When, for whatever reason, visitors are unimpressed with what a town has to offer, and they choose to go elsewhere, they are unlikely to return in future years.
Eastbourne is currently dependent upon its tourism offer, and indeed it has much to commend it, but its future is clearly in the balance.
For the council to cover the Congress Theatre in scaffolding and do nothing for two years is bizarre, to knock down the Wish Tower Café without a prepared alternative use for the site is, at least, shortsighted, and to commence urgent repairs to the Bandstand at the end of the winter period is unbelievably poor planning.
When those disasters are compounded by the latest news regarding the loss of the Red Arrows from the Airbourne programme, then many questions arise with regard to the council’s competence to take Eastbourne forward and develop its economy. It is also clear the council’s management of its assets leaves a lot to be desired.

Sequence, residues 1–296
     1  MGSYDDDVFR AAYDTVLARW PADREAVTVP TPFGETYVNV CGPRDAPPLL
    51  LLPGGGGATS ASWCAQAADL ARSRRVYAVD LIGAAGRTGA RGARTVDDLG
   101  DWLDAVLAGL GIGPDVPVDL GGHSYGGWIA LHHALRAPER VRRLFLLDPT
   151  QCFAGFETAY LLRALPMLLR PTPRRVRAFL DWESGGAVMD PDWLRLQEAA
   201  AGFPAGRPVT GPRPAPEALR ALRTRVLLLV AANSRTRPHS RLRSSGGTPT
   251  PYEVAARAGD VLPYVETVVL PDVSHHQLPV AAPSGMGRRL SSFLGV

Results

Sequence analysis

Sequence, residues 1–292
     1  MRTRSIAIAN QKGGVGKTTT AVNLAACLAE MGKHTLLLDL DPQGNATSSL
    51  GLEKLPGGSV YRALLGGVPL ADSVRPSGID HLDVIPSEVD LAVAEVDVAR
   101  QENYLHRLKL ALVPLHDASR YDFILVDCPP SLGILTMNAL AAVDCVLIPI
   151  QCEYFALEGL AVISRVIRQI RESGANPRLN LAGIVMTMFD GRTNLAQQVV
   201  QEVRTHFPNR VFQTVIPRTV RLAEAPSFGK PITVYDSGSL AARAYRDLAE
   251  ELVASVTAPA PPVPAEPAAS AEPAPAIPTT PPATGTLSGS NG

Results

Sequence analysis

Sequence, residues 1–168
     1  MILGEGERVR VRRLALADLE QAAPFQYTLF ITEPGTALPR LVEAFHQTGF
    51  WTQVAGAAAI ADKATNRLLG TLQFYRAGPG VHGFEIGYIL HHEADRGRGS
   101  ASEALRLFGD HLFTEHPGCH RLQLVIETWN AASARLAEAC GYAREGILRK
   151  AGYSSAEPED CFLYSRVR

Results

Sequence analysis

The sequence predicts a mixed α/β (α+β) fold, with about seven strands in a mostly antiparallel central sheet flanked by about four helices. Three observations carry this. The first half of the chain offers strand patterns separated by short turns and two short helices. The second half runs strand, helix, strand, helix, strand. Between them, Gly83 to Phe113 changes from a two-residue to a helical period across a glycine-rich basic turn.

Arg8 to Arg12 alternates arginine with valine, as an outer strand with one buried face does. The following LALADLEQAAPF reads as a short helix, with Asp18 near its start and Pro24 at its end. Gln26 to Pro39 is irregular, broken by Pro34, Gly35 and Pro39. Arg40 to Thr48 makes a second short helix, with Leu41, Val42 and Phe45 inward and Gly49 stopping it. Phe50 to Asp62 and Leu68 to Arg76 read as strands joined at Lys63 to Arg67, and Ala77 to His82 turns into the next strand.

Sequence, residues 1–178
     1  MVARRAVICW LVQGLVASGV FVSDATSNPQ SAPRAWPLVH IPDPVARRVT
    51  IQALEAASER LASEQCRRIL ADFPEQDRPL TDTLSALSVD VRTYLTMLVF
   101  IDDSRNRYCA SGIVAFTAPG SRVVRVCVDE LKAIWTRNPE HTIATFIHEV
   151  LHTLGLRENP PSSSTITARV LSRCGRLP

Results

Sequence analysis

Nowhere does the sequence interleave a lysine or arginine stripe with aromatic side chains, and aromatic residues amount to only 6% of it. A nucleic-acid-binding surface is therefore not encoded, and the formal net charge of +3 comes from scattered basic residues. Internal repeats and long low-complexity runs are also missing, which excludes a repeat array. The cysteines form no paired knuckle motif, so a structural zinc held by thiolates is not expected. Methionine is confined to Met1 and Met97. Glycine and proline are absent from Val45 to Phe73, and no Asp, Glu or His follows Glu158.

On a positive note the council does have an opportunity to re-examine its event programme and look at ways of redesigning Airbourne that do not rely upon a star attraction.
It should be an event that will attract large numbers of visitors that involves not only the seafront, but our town centre and other locations in the town. What about more evening events, including some for families and young adults, during that four day period to keep people in town for longer?
Attracting thousands to our seafront is all very well, but at present how many of them go elsewhere in the town or visit our magnificent harbour which appears to be a well guarded secret?
While the council must protect our Victorian heritage, we do not want Eastbourne to be preserved in aspic. Whether we like it or not, we do live in the 21st Century and visitors have different expectations to those of fifty or more years ago.
Graham Marsden, Wish Hill.